Wednesday, December 19, 2012

Come to My "Un-Opening"

As you can see, besides loving wine, I also love to paint and print. I will be in New York during the first week of the show but we plan on having an un-opening when I get back. There WILL be wine;)

Monday, December 17, 2012

An Open Bottle: Abbelone '09 Pinot Noir




Today, after the tilers left, after I took Linda to the airport, and after I fed the cats, I went in to the cellar and poked around, looking for something I had not had very much time with.
I chose a bottle of 2009 Willamette Valley Pinot Noir by Abbelone Wine, partly due to the label done by Jane West, who I used to show at my Portland Gallery years ago.
First Open: High notes of eucaliptus, cedar, and cool black fruit in the nose. Nice mouthfeel with black fruit and a little hard candy.
10 Minutes: Cedar and black caps with blueberry notes in the nose.  A little warm strawberry and blackberry with some notes of mint and earth.
30 Minutes: Ok, now we are open! Complex coffee, big black fruit, cedar in the top notes, and just a hint of Asian spice. The mouth-feel has become soft and delightful. Hints of jammy strawberry, a bit of Blueberry dancing around with cooked strawberry jam. Warm and inviting with a pleasant finish. . It is delicate and would not do well with spicy food.The acid balance lends itself to Salmon and lightly cooked veggies.
Here are the notes I did last year when we did a tasting at Travel Lane County's Adventure Center.
Very lovely wine.
You may find out more from South Willamette Wineries.

Wednesday, December 12, 2012

Long Drive But Nice Rewards

Today I had a pleasant drive to Portland to pick up a framed painting at Pearl Framing. The frame stock for one of the works was back ordered so I must make a return trip next week. There are rewards you have to give yourself when things do not go just right so that life evens out. Today my reward was lunch at The Parish on NW 11th at Evert. A blossom of Louisiana nestled in the Pearl just waiting to be plucked.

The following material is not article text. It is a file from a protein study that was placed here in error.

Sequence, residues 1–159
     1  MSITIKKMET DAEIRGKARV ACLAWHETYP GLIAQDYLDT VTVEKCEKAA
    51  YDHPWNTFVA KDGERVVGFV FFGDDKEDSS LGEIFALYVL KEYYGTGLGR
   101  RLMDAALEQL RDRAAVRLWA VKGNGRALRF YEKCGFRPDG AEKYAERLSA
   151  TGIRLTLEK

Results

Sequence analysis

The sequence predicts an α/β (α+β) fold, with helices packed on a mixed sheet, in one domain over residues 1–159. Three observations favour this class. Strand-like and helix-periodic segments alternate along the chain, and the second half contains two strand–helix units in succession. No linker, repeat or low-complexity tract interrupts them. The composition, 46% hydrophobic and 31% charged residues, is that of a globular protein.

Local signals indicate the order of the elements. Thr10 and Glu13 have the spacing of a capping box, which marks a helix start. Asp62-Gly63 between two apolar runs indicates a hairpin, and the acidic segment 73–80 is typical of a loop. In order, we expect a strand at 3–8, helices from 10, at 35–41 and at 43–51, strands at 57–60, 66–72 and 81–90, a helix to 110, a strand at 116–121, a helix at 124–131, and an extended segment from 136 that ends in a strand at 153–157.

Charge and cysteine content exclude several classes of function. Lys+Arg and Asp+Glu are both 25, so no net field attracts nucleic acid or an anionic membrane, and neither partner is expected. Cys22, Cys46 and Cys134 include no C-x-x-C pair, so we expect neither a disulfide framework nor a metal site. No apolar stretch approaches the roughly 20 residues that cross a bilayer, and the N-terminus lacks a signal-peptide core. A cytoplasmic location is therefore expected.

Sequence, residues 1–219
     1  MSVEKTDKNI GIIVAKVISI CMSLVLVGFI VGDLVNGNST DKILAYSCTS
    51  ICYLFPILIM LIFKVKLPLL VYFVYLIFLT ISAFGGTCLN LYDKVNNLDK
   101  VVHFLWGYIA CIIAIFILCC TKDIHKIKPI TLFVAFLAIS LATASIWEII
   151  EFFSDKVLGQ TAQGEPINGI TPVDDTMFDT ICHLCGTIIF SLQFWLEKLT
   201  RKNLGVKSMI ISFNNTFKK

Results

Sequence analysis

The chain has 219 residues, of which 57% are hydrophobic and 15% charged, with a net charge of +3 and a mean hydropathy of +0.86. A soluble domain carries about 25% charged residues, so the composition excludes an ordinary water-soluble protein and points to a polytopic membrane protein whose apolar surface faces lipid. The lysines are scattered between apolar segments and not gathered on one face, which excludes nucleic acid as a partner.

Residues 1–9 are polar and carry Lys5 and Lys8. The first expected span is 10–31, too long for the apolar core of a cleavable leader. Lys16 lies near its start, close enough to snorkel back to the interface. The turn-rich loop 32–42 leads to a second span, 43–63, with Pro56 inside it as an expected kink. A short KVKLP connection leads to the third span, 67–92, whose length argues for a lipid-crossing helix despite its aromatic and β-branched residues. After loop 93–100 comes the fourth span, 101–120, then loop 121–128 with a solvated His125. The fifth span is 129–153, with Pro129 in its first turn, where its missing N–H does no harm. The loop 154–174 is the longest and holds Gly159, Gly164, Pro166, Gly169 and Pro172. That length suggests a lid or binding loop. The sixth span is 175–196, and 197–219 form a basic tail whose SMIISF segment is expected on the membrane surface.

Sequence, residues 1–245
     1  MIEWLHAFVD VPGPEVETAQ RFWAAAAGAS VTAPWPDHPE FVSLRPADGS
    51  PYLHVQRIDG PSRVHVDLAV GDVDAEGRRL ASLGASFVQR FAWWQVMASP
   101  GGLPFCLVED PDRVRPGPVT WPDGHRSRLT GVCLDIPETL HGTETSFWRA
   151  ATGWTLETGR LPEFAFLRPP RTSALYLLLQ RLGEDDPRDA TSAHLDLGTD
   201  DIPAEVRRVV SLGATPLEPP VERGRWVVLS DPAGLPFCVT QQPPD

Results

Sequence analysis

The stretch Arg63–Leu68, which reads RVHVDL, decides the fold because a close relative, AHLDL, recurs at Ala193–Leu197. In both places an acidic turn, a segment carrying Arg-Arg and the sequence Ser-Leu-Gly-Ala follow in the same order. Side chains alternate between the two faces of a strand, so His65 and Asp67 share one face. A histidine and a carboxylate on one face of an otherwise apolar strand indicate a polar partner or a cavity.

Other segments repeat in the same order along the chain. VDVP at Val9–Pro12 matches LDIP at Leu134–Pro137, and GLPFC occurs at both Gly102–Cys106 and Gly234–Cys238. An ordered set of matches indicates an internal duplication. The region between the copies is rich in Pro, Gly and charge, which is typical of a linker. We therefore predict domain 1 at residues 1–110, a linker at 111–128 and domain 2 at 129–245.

I made a reservation on OpenTable and after a little visit to Powell's and Whole Foods, wandered in and was greeted by Sabrina, who showed me to a nice table with a view of 11th and handed me a menu. I watched the trolly pass and thought about the sights and sounds of New Orleans and riding the Streetcars there. The smells coming from the kitchen helped form the memory.
I was not looking to stuff myself so I found and ordered the Wedge Salad, a nice big quarter head of fresh crisp lettuce drizzled with a creamy buttermilk Ranch dressing and served with soft cooked egg. Then I added three pan fried oysters and topped it of with a glass of INOX, Chehalem's nice little '11 Chardonnay.
There are few wines that would have gone as well with the meal as this one did, perhaps Ghost Hill's Pinot Noir Blanc, but this is what they had and I was more than pleased. Crisp fruit with just that perfect hint of slate and a very smooth and delicate mouth feel. It worked with both the salad and the oysters, cutting the creamy dressing and enhancing the flavors of the fried oysters. This wine is one of the best of their INOX label that I have tasted. Unoaked and brilliant with ginger and white peach along the good minerals. Loved it!
The oysters were small, perfectly done, and lightly breaded in cornmeal and all the delicate flavors came shining through.
I enjoyed reading the New York Magazine while slowly cruising through the meal, letting the tastes mingle and enhance each other but alas, the meal was done and I had to move on. I thanked Tobias Hogan, one of the owners. He and his partner had another oyster bar called EaT in north Portland. When the cooking school, In Good Taste, closed after Barbara Dawson decided to combine it with her location in Lake Oswego, they stepped in and brought Portland a little more classy sample of Louisiana.